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and nk about world war i w.e.b. dubois sort of dvertising and sort of advocating for blacks to fight in the war. andink of frederick douglas that same notion of blacks fighting in the civil war. whether it was the tuskegee the united states color troops in world war ii or 93rd or 92nd regiment in world war i, whether it was the troops in the civil war, it was this give me an to prove to you that to be a citizen. ive me this opportunity to fight and to die so that i might way convince you that
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i'm not a coward, that i'm worthy. not what that symbol says. hat i'm not what that symbol purports me to be. i'm something different. ex-civil war e block soldiers who -- black oldiers who said we need a building, we need something that reminds the nation what we have done. that we have fought and that we have died and that we have been of this t a part country but we have given everything for this country. valiantly.ght until ld that dream september 24, when we opened museum. we opened that museum because of 1915 that at began in was deferred, deferred, deferred deferred, and finally came to fruition. need, that desire
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america o be a part of and wanting to be a part of the what made america reat was a dream that was deferr deferred. and for me, that has a great the power, the of inence and the presence the confederacy. until we are able to begin do what we are doing now, about it and lk begin to heal as a result of it, maintain itself. i worry so much about what is our country and our nation now. spiritedness that is here. i worry about it, because that's we what we need is another kind of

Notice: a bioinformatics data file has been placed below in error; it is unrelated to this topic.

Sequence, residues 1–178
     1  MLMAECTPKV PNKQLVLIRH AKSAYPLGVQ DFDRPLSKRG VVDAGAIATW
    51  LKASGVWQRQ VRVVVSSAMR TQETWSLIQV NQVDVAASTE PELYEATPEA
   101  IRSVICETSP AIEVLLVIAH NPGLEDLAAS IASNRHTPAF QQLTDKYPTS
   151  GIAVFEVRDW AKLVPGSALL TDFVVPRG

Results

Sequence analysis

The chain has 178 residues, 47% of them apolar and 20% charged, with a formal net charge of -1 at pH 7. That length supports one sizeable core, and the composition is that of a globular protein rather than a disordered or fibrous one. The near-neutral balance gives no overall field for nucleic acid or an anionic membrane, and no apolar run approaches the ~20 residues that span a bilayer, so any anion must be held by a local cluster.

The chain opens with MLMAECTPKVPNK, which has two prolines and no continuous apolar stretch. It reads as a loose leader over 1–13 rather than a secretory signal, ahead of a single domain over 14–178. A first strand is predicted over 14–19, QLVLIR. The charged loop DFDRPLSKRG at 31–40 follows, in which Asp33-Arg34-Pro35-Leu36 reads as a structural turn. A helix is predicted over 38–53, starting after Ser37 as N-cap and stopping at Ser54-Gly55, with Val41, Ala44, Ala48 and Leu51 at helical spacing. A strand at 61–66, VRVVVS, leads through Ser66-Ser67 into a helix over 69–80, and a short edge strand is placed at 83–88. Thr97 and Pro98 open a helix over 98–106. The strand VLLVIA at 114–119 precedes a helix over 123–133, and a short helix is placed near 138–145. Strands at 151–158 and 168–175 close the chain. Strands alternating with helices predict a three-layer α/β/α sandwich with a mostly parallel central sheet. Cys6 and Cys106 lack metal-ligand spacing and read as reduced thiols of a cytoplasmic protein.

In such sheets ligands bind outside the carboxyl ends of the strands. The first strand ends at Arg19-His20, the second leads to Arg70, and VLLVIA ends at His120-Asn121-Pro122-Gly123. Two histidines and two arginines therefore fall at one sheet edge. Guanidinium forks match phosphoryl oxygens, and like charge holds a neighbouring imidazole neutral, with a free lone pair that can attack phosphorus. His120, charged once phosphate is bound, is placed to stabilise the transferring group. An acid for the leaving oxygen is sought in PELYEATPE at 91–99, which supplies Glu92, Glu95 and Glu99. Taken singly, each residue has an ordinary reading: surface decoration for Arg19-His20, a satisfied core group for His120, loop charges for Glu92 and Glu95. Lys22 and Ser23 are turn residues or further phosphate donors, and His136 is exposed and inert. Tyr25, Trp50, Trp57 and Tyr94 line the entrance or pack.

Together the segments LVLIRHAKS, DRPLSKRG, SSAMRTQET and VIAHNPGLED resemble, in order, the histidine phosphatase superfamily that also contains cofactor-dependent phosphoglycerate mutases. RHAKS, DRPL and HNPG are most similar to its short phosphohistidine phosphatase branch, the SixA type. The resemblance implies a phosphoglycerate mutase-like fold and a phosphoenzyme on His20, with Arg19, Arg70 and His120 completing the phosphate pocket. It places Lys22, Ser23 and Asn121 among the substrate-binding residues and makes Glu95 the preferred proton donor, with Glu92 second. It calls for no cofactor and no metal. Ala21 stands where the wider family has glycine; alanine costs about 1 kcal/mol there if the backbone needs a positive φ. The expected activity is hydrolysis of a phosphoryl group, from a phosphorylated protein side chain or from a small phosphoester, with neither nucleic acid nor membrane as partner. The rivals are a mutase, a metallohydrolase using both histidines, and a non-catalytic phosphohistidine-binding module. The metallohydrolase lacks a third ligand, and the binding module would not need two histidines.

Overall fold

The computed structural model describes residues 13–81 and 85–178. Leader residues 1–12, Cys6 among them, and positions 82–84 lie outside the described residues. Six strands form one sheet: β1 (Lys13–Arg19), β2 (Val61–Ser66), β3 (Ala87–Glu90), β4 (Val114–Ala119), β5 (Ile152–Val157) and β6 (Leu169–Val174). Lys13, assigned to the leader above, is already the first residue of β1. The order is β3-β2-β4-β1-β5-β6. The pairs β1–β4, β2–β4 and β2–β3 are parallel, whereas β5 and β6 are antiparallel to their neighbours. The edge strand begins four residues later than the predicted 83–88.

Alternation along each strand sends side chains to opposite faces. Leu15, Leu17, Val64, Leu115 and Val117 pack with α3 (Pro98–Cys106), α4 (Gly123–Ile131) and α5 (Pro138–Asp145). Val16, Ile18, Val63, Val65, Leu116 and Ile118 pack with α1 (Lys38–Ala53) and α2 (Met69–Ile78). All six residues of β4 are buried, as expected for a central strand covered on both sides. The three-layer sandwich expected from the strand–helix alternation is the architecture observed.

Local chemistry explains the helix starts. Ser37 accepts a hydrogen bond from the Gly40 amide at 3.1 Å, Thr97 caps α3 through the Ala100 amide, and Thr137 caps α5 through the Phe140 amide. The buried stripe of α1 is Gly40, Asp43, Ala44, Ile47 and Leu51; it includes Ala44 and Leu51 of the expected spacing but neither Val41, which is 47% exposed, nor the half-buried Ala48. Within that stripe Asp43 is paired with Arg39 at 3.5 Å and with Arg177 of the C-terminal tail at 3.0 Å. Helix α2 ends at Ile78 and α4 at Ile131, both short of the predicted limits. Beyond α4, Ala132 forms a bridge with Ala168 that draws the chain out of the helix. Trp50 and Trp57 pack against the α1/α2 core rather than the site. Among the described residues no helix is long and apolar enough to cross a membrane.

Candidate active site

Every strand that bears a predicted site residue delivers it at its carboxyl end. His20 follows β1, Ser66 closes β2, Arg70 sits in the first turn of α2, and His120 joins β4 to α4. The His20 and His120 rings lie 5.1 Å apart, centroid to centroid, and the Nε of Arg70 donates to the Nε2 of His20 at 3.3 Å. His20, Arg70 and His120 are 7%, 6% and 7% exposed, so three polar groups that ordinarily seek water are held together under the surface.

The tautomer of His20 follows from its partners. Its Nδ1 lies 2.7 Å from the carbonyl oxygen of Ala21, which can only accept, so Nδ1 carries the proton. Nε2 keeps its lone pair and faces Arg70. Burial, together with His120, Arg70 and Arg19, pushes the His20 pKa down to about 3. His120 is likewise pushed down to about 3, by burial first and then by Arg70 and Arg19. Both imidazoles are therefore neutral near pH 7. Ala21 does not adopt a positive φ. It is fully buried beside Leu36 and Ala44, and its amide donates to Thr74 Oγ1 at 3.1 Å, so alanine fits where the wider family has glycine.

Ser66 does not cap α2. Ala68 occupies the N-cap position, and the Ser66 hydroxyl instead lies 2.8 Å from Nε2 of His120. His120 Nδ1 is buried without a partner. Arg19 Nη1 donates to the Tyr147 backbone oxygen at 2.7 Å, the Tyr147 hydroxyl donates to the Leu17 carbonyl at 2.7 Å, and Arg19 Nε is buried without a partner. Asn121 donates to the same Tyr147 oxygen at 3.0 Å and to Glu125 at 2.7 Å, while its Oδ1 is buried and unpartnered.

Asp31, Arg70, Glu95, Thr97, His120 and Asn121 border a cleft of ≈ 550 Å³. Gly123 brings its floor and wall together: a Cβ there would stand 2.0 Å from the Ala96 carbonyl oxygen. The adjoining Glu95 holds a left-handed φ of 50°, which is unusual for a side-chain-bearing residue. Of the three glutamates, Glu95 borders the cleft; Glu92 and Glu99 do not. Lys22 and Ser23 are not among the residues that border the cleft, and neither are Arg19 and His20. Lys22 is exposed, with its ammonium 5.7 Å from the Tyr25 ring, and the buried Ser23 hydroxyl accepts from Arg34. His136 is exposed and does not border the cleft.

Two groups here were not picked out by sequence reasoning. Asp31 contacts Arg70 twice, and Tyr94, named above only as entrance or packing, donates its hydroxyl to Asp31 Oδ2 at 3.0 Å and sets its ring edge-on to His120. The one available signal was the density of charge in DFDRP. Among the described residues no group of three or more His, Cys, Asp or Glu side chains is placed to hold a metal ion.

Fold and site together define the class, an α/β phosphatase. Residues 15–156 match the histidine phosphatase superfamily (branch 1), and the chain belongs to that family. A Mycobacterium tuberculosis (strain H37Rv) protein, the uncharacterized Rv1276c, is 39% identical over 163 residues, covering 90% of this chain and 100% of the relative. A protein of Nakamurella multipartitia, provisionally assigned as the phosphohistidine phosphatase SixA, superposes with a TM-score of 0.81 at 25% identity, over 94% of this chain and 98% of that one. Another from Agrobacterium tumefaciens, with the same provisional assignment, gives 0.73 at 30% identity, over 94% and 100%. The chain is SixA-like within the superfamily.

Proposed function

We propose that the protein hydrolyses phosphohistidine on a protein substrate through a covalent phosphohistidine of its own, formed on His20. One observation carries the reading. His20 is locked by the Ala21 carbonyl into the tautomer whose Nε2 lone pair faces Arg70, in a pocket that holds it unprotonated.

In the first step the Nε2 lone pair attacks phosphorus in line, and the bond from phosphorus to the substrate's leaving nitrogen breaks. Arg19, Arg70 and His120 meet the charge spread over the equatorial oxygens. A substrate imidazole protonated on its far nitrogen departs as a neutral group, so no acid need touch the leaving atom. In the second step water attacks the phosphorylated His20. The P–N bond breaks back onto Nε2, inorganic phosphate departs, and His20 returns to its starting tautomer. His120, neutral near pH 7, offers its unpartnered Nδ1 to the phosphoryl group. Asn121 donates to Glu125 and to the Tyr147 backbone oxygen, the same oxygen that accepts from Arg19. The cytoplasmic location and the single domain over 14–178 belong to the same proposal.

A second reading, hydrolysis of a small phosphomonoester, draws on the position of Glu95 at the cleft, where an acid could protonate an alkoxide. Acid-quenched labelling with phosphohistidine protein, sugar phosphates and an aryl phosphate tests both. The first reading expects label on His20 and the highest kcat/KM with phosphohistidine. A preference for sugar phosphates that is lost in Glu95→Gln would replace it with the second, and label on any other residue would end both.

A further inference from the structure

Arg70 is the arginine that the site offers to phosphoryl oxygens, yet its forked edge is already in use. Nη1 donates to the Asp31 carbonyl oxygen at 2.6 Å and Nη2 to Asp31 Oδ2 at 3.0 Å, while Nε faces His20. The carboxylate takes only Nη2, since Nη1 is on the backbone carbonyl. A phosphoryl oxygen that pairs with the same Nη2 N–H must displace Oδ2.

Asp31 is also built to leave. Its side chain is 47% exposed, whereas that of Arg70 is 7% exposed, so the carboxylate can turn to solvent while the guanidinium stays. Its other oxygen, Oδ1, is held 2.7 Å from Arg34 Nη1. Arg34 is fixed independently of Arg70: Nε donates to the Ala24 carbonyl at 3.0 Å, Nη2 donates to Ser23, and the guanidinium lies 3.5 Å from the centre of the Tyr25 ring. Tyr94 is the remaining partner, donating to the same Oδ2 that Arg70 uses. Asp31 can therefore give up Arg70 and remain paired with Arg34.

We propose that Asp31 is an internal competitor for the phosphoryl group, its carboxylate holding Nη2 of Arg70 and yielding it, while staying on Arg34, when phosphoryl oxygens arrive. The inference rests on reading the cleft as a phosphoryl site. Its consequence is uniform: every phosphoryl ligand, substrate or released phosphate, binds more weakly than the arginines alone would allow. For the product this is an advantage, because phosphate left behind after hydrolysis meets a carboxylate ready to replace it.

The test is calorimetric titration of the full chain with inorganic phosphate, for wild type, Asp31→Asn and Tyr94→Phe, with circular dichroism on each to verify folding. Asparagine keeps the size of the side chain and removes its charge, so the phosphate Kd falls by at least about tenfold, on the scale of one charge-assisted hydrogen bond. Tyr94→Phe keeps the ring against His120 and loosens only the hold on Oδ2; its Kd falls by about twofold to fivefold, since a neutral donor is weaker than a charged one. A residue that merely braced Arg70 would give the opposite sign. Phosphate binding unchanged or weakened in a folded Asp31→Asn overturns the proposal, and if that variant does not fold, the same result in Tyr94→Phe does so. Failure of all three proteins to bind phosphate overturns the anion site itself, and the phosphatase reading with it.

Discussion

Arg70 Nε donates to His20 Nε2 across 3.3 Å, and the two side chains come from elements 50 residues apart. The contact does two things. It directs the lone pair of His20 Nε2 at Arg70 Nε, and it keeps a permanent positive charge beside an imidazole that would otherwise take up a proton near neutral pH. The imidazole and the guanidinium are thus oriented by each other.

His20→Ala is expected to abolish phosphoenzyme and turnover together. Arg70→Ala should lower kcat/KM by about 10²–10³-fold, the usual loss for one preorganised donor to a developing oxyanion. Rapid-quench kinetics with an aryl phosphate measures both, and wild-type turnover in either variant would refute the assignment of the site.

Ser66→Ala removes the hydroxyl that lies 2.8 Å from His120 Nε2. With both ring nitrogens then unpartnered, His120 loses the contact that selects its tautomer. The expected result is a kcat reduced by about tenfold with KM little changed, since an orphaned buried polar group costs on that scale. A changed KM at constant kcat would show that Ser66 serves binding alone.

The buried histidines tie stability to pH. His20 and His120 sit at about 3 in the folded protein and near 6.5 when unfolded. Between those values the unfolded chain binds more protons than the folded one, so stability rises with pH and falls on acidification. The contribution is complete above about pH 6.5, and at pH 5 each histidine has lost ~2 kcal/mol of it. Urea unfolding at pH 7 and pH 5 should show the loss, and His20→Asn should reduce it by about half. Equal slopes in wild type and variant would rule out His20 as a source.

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formula. now, if you could convince me definition or a new redefinition of the and the confederate lag that led us to a better nderstanding and a pwbetter realization of what we are and americans, id be as would fly the flag, too. [applause] pretty nk context is important in these matters. fly a flag on o your ront lawn and it is front lawn, well, that is up to you, isn't it? is a staterent if it park in the state of mississippi a general or a leader
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f a state government that was avowedly segregationist? s it different if it is a calhoun hall, a university named after john c. calhoun? is it different if it is a church? it is ore different when a church that in its founding documents says it is a church and for national purposes? is it obliged somehow to present a consensus version of american a way that just any old church maybe isn't? difference with the stain glass window? that?y is >> two things. this takes us back to the we are. of who 's cathedral and whose stories are we trying to tell? whose stories are here in